Dictionary of National Biography, 1885-1900/Gast, Luce de

The ODNB regards the identification as without secure foundation.

GAST, LUCE de (fl. 1199?), knight and lord of the castle of Gast, near Salisbury, is mentioned in preambles to many manuscripts of the great prose romance of Tristan. It is stated that he wondered that no one had translated into French the Latin book containing the history of the Saint Graal, and at length decided to do so himself, although in language he belonged rather to England, where he was born (MSS. 6768 and 6771 in Bibliothèque, and Add. MS. 23929 in Brit. Mus.) Only the first part of Tristan is ascribed to Gast, the second being assigned to Hélie de Borron. It is at least questionable whether either writer ever existed. Gast professes, and in this Hélie de Borron supports him, to have been the first to make use of the records of the Round Table, and to have chosen Tristan for his hero, as being the most puissant knight that was ever in Britain before King Arthur, or afterwards, save only for Lancelot and Galahad. But whereas the Tristan is full of allusions to the Saint Graal and to Lancelot, these romances never mention Tristan as an Arthurian hero; the romance of Tristan was therefore probably the later composition. Nor is there any proof of the existence of a Latin original. In all probability the prose romance of Tristan was founded on the lost poem of Chrétien de Troyes, which must have been written about 1160. It is also noticeable that in the Quest of the Saint Graal, the Records (of the Quest, at all events) are said to be kept ‘en l'aumoire de Salebères.’ It looks as if the whole story of the knight, his castle, and the Latin book were an invention intended to give an appearance of authority to the romance. The Tristan was first printed at Rouen in 1489, and afterwards at Paris by Antoine Verard in two editions without date; again at Paris in 1514, 1520, 1533 (Brunet, Manuel du Libraire, vol. v. col. 955). These printed copies follow the version as it was rearranged by writers of the fourteenth and fifteenth centuries, and differ greatly from the original work. One manuscript (Bibliothèque 6976) ascribes to Gast the ‘Roman de Guyron le Courtois,’ which is more commonly assigned to Hélie de Borron. The name is variously spelt Gast, Galt, Gant, or Gay. It has been endeavoured to identify it with one of two castles called Gât in Normandy, but all the manuscripts clearly describe Gast as ‘voisin prochain de Salebères.’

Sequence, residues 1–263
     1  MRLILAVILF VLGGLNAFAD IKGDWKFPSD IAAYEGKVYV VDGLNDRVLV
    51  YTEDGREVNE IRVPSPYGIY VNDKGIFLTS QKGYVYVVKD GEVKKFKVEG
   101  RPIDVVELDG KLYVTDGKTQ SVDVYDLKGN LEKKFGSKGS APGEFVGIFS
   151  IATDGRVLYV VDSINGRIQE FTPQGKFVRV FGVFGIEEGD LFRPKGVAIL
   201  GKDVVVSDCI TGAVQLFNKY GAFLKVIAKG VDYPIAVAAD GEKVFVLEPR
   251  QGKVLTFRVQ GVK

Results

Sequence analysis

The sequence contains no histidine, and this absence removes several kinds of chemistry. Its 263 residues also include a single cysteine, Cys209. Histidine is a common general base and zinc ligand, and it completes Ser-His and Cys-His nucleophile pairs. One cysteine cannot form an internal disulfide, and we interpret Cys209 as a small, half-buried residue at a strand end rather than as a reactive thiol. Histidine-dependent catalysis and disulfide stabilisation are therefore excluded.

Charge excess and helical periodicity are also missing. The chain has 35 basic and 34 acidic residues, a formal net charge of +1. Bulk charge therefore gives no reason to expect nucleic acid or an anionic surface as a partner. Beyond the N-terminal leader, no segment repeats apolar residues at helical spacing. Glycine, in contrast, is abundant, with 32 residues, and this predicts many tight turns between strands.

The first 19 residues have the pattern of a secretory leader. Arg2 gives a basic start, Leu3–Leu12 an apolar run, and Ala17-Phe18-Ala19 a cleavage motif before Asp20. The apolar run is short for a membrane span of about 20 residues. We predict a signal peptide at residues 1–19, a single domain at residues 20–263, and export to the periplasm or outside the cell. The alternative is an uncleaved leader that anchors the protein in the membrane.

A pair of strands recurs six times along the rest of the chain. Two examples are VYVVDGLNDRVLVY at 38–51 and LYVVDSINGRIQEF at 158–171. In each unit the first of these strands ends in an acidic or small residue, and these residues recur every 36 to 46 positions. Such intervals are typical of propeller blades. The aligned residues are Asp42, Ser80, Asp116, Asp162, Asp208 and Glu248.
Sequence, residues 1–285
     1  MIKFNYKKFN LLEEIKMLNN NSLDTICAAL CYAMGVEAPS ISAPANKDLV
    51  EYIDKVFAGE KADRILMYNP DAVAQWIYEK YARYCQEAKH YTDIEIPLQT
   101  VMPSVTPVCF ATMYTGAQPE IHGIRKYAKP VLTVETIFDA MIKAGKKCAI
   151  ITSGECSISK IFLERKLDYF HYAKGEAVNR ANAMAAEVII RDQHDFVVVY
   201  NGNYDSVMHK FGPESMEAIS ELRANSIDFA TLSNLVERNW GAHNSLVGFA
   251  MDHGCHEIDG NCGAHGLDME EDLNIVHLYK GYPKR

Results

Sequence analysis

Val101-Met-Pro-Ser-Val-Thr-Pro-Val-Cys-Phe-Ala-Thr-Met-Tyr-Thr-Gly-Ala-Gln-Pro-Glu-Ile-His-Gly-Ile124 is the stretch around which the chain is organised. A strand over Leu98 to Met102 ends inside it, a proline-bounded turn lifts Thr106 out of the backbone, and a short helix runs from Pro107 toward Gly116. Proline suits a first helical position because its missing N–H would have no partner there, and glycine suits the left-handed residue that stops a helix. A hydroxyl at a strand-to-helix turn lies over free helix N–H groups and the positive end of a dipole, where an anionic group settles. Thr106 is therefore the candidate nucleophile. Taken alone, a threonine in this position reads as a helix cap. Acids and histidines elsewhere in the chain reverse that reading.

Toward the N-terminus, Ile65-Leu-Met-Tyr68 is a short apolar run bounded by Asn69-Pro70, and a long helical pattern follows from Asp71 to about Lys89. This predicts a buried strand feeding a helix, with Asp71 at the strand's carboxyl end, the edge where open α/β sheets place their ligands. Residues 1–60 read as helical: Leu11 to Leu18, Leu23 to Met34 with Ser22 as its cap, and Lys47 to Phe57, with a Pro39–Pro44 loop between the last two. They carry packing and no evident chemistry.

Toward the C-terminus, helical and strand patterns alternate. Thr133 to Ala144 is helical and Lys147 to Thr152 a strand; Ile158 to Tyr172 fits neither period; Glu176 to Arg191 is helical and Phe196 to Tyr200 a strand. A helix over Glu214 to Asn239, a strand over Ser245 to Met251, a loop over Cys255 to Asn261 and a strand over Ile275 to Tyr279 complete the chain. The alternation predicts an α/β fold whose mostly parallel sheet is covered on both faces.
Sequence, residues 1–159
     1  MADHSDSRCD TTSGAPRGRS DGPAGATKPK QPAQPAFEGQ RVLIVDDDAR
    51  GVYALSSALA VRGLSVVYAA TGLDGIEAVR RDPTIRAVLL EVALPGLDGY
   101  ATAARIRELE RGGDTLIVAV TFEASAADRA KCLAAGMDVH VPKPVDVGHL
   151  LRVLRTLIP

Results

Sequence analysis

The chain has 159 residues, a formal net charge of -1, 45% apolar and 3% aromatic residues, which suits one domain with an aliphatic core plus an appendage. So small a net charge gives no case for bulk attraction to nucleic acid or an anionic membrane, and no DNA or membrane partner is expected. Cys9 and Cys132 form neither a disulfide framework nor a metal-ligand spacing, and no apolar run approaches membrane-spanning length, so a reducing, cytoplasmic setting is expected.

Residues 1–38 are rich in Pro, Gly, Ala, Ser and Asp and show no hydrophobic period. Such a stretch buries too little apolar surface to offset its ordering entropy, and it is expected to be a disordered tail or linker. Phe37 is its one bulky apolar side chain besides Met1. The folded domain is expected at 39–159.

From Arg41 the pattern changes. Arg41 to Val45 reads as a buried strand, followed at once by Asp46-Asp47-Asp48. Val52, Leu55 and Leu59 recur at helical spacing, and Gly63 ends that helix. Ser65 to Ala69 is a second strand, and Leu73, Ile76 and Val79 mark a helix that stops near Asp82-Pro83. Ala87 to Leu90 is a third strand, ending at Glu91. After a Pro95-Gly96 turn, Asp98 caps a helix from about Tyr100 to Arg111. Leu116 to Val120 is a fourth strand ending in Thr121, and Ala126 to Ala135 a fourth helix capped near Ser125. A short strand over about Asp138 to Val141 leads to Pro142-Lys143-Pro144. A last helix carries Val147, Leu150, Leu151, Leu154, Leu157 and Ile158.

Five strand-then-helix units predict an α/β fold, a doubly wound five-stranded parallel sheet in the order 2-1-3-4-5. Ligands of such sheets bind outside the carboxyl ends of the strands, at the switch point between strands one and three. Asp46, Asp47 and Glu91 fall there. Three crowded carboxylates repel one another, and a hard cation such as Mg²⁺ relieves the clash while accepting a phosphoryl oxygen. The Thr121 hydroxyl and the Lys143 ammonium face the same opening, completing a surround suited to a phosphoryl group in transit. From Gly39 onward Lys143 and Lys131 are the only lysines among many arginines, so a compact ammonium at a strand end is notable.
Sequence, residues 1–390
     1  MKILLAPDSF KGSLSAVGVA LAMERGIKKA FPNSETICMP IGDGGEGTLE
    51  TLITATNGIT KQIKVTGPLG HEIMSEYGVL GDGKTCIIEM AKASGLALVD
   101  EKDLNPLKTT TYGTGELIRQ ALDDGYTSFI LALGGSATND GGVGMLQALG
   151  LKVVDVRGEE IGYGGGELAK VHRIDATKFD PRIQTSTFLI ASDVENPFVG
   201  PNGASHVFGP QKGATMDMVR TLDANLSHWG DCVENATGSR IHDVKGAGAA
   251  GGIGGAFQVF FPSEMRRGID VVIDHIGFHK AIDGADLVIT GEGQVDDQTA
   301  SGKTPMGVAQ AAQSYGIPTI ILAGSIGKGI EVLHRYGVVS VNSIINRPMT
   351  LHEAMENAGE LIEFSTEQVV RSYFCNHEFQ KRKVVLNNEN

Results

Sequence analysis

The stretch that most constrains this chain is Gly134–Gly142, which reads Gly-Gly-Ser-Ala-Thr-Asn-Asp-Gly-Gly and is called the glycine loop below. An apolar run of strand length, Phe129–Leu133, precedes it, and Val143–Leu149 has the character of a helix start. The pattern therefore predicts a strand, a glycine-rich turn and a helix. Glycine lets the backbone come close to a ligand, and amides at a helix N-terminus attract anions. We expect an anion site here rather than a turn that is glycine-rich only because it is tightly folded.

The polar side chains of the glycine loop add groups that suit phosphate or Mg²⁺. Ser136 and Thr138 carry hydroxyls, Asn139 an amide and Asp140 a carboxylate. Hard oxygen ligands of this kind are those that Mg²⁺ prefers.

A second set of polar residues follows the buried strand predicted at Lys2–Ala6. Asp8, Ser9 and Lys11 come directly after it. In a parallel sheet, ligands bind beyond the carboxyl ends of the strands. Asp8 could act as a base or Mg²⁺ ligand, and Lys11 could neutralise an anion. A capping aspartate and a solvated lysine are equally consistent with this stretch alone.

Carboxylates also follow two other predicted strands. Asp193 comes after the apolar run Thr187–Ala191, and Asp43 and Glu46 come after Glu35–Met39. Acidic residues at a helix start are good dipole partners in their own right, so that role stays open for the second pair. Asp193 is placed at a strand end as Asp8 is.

[Paulin Paris' Manuscrits François de la Bibliothèque du Roi, vols. i. and iii.; Ward's Cat. of Romances in the Brit. Mus. vol. i.; Gaston Paris' Littérature Française au Moyen Age. The writer has also to thank Mr. Ward for some additional information.]

C. L. K.